Federally Qualified Health Centers
A Federally Qualified Health Center is an entity which meets the requirements of a federally-funded health center, whether or not it receives a grant under Sections 329, 330 or 340 of the Public Health Service (PHS) Act. These requirements include being nonprofit, having a community-based board of directors, providing or arranging all the necessary services, enabling the services, and providing care regardless of the ability to pay.
A Community Health Center (CHC) receives federal funding under Section 330 of the PHS Act, as amended by the Health Centers Consolidated Act of 1966 (P.L. 104-299) and the Safety Net Amendments of 2002.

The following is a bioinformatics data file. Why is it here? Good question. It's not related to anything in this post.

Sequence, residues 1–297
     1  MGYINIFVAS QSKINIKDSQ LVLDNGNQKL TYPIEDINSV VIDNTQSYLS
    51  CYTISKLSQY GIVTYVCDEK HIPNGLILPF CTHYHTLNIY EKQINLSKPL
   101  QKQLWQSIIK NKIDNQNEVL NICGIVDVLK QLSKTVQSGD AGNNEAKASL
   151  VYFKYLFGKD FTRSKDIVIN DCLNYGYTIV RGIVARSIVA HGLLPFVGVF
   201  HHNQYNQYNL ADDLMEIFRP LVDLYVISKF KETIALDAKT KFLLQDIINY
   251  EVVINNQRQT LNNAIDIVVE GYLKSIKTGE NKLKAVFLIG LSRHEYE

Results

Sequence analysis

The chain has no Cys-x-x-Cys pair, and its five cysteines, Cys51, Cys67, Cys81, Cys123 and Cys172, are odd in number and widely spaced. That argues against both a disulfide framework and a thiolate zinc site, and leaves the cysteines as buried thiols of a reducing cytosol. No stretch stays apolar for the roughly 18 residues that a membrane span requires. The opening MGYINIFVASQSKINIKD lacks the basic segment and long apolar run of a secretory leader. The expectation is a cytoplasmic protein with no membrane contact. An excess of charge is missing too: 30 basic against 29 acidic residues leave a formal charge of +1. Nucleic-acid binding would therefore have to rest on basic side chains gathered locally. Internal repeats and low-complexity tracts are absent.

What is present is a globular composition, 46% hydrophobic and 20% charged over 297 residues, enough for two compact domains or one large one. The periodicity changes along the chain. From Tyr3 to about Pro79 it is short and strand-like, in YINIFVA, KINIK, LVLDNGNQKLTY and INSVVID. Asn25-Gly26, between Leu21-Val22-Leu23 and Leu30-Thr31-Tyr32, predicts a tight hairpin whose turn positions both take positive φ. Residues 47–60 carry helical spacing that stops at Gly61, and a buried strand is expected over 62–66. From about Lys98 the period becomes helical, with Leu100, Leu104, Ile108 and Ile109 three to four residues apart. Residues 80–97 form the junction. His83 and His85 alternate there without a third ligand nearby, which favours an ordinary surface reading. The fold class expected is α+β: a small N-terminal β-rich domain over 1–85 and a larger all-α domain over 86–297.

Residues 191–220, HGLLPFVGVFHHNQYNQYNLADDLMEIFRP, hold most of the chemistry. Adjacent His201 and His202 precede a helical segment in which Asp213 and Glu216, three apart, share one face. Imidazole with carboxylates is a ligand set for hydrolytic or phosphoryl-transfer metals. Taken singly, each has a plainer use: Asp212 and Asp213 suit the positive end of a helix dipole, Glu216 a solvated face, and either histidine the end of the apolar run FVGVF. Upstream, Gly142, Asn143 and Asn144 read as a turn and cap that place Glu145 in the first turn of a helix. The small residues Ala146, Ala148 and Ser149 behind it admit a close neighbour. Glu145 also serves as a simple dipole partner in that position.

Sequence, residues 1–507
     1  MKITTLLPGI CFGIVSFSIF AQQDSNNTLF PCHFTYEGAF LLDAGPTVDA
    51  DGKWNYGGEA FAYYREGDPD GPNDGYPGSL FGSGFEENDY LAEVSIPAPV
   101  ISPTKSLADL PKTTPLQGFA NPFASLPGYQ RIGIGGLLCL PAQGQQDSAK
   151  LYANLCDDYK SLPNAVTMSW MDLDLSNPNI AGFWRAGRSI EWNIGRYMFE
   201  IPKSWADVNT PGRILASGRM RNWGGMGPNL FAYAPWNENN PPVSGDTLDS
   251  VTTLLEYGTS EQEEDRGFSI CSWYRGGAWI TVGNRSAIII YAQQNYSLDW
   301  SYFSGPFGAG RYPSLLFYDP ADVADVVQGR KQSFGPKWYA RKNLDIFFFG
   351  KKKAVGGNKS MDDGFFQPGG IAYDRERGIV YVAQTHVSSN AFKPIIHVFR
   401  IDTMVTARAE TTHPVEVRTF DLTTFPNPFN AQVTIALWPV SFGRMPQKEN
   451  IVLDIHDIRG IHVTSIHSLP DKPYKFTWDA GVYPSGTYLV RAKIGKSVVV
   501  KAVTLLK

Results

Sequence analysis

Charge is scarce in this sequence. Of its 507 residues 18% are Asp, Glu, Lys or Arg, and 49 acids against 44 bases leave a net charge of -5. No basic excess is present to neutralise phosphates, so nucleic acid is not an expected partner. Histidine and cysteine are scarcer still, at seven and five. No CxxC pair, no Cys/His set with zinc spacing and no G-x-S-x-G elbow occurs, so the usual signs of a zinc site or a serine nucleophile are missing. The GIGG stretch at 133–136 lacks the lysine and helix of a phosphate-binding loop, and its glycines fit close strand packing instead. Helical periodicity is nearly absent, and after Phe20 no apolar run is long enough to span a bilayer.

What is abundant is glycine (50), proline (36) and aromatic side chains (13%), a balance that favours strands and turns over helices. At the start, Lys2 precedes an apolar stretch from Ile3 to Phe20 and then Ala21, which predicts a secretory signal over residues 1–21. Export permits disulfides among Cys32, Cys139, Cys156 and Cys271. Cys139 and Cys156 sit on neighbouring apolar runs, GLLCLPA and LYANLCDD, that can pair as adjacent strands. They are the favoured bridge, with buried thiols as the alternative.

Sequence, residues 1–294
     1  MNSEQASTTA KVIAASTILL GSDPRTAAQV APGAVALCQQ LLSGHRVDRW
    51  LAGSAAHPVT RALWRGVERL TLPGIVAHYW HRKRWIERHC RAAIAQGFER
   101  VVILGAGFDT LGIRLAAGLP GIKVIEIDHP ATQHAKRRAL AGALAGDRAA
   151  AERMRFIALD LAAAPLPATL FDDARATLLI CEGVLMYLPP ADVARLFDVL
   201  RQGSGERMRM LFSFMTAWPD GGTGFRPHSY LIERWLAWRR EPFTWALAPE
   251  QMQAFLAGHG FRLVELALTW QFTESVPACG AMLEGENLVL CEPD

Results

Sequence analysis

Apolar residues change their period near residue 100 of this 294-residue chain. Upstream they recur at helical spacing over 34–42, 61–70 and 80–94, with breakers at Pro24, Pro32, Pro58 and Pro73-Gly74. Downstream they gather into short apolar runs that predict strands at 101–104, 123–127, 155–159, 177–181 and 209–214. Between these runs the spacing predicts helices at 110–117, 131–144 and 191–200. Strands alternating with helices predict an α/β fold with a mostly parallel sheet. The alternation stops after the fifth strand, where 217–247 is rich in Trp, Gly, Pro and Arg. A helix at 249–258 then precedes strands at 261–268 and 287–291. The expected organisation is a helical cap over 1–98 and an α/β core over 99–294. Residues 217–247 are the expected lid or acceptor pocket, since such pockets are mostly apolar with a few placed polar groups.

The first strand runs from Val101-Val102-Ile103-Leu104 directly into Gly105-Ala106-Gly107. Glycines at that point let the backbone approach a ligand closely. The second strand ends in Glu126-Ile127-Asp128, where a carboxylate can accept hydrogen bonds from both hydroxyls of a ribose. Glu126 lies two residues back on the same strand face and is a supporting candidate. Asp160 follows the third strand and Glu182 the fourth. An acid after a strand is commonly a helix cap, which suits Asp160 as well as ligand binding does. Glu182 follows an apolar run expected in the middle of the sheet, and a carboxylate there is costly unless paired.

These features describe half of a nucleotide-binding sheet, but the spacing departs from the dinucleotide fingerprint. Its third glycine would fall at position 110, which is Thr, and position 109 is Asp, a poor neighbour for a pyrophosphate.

Five essential elements that differentiate CHCs from other providers are: o They must be located in or serve a high need community, i.e. “medically underserved areas” or “medically underserved populations” o They must provide comprehensive primary care services as well as supportive services such as translation and transportation services that promote access to health care o Their services must be available to all residents of their service areas, with fees adjusted upon patients’ ability to pay o They must be governed by a community board with a majority of members health center patients o They must meet other performance and accountability requirements regarding their administrative, clinical, and financial operations.